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Powerset has always been a fan of the iPhone. Over a third of the company owns an iPhone (roughly equivalent to the number of PhDs working here) and a handful took the afternoon off on the day of the iPhone launch to make all of their friends jealous.With that many iPhones ringing around the office, it was kind of embarrassing to demonstrate a handicapped Powerset mobile search product. Therefore, after launch, one of our first major projects was to create an iPhone-friendly version of our search & browse experience for Wikipedia. If you’ve got an iPhone, just go to www.powerset.com and it will work automatically.The iPhone web app includes all of the functionality that Powerset features on the Web site, but is designed to be easy to use on your iPhone. We think that Powerset is currently the best way to search and read Wikipedia on your iPhone. For searching Wikipedia, you can enter a topic, phrase, or question and get back Powerset results. For simple Factz-style questions (see our blog contest about Factz for more details), Powerset will return the list that we derived from sentences across Wikipedia article. Side note: Dr. Bruce Horn, one of the original developers on the Macintosh and creator of the Macintosh Finder (as expressed by what did bruce horn write on Powerset), is manager of Powerset’s Semantic Search Platform. Also, when we get an answer from Freebase, we’ll display those results. And, we’ll show regular search results for any query, whether it’s a keyword query or a natural-language style query.Once you click on a search result, you will go to the Powerset-enhanced Wikipedia articles. You can either browse the article or use the Outline to navigate directly to the section you want.The Factz summary gives you an easy-to-read list of all of the Factz that Powerset was able to derive from the article, which often reads like a Cliff’s Note’s summary. This is great if you’re on the go and looking to quickly scan the information in the article.The search-within-the-page brings semantic search into the results page. You can search for keywords or you can search for questions, e.g. “who stole pat’s rocket” on the Achewood page.We’re really excited about this release and hope that, if you’re an iPhone user, you’ll use Powerset next time you need to look up something while you’re cheating at trivia night at your local bar, get details when you’re uncertain about some new fruit at Whole Foods, or just trying to convince your friends that you really do know the right answer.If you’d like more information or an interview, drop us an e-mail at firstname.lastname@example.org. If you have suggestions, join Powerlabs and make feature requests for the iPhone app.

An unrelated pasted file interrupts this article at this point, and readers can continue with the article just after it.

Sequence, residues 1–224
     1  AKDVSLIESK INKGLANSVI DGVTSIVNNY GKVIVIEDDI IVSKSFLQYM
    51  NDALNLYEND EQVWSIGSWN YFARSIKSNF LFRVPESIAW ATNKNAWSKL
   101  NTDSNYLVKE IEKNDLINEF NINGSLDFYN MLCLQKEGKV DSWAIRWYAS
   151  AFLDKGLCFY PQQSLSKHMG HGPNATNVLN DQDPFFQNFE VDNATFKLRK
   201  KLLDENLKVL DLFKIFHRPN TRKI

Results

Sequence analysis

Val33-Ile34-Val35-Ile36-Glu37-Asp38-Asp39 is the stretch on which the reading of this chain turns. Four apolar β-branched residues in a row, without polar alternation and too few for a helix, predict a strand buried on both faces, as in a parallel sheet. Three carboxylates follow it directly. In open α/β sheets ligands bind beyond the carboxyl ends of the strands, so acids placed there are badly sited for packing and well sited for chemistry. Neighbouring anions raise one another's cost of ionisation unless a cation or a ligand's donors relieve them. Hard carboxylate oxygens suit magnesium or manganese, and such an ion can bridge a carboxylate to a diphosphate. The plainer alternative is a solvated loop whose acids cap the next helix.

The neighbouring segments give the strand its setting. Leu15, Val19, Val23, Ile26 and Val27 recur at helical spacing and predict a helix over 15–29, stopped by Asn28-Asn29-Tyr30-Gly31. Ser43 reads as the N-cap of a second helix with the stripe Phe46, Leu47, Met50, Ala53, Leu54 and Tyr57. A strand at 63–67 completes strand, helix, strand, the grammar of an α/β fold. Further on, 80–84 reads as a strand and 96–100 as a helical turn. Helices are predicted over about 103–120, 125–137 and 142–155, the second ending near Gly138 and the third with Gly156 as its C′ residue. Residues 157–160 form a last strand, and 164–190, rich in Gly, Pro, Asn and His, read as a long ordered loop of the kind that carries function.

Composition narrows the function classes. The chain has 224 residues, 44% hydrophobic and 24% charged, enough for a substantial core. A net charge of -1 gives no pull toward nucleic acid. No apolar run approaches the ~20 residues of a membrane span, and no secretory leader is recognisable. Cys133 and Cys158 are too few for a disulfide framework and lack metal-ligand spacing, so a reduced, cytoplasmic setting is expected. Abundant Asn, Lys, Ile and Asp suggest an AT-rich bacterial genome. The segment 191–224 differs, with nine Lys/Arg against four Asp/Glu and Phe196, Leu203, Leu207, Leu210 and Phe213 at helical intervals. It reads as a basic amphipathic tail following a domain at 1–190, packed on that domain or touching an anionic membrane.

Update: We created a quick demo video, for the luddites who don't have iPhones.
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